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Getting To Know Your Engineering Major

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Conference

2003 Annual Conference

Location

Nashville, Tennessee

Publication Date

June 22, 2003

Start Date

June 22, 2003

End Date

June 25, 2003

ISSN

2153-5965

Conference Session

ASEE Multimedia Session

Page Count

8

Page Numbers

8.597.1 - 8.597.8

Permanent URL

https://peer.asee.org/12007

Download Count

18

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Paper Authors

author page

Anita Mahadevan-Jansen

author page

Christopher Rowe

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Abstract
NOTE: The first page of text has been automatically extracted and included below in lieu of an abstract

Session 2793

Getting to know your engineering major Christopher J. Rowe, Anita Mahadevan-Jansen Vanderbilt University

Abstract

The first semester in engineering education is arguably the most important in laying the fundamental groundwork and preparing students for advanced study in their choice of engineering major. An estimated 40% of entering freshmen are uncertain as to their choice of major. Students are typically required to declare their engineering major as freshmen. The burden and the goal of this project then is to educate students about engineering and about their specific major so that they can make an informed decision. Thus, a new freshman program is being established to address these concerns both in and out of the classroom. These efforts are being implemented in conjunction with the redesign of the introductory engineering course (ES 130) offered at Vanderbilt University from a skills-based approach to a problem-solving approach.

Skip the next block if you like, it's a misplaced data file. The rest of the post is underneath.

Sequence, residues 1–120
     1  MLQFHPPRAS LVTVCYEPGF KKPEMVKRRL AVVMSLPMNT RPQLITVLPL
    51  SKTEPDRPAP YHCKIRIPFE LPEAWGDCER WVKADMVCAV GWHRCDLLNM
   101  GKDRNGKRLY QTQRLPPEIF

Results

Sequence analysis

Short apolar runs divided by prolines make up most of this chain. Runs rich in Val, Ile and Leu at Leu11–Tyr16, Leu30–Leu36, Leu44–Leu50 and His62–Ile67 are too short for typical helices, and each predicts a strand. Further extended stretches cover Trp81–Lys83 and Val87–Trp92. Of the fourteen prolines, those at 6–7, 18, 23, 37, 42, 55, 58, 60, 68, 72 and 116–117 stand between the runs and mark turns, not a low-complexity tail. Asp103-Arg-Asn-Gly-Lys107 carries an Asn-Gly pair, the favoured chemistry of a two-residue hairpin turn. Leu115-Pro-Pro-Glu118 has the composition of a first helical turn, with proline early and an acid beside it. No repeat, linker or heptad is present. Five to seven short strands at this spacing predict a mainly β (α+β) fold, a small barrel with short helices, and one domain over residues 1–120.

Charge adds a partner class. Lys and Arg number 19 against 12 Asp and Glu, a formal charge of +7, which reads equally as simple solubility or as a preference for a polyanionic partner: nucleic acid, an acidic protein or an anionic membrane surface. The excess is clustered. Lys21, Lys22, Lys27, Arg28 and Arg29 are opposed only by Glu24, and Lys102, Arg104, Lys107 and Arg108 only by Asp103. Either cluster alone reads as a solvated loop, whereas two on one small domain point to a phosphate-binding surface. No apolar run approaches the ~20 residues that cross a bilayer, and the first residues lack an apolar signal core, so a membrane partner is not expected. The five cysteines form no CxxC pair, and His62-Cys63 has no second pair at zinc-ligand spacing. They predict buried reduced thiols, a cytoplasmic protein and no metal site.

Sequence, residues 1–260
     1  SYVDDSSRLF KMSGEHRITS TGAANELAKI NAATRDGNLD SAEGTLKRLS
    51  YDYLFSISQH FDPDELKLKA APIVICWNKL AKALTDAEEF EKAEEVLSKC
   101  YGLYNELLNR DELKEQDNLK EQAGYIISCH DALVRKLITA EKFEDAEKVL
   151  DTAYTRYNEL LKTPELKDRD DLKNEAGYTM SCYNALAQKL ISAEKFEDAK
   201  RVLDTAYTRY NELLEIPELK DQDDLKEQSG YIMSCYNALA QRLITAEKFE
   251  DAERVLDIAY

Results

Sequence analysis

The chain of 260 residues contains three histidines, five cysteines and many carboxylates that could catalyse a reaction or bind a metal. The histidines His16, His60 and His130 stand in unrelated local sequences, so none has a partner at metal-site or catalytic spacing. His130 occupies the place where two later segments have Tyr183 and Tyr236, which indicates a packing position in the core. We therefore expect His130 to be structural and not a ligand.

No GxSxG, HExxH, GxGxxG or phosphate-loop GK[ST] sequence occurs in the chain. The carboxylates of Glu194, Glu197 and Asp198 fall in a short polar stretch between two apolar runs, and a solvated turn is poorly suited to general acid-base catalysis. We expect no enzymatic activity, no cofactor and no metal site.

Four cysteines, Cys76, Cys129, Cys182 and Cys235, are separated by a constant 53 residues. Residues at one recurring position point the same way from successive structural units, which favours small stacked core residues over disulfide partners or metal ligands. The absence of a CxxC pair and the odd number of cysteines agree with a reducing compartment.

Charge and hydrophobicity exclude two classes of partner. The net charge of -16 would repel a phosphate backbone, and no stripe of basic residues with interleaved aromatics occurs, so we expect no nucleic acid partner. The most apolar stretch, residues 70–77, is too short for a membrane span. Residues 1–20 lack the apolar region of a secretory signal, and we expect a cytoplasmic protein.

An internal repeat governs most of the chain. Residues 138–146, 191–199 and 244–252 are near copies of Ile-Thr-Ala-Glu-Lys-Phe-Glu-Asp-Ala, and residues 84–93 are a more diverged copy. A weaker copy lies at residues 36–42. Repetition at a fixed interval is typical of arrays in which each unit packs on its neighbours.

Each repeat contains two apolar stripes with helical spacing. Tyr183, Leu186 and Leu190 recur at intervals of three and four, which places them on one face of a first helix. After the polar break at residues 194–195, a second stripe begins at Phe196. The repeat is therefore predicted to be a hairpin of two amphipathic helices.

An integral part of the introductory engineering course is a semester long project. In order to (a) familiarize the freshman with the different engineering majors and (b) incorporate the engineering design process into the curriculum, discipline-specific engineering design projects have been implemented into the freshman Engineering course. The discipline-specific projects allow students to work in small teams of 3-5 on an engineering problem in their selected major. Each of the projects is sponsored by a faculty member who has volunteered to serve as a guide for the project; this additionally facilitates one-on-one student-faculty interaction. This new paradigm is compared to the discipline-aspecific projects implemented in the freshman course this far and analyzed in conjunction with student feedback on confidence in choice of major and engineering design-based problem-solving skill.

To further bring the various engineering majors to life for the freshmen outside the classroom, a series of weekly panel discussions were held for each degree program in the School of Engineering at Vanderbilt University. Each panel consisted of an engineering alumni practicing in the chosen field, a faculty member, a graduate student and an undergraduate student. Preliminary results indicate a heightened interest in these panels and positive response to these activities by all students, not just freshmen.

The Problem

Studying engineering is unique in that it is a true 4-year professional degree. Most engineering programs tend to be well structured especially in the first two years, forcing the declaration of a major discipline within engineering fairly early in the curriculum. A primary problem with this requirement is that students are asked to make this decision before they have Proceedings of the 2003 American Society for Engineering Education Annual Conference & Exposition Copyright © 2003, American Society for Engineering Education

Mahadevan-Jansen, A., & Rowe, C. (2003, June), Getting To Know Your Engineering Major Paper presented at 2003 Annual Conference, Nashville, Tennessee. https://peer.asee.org/12007

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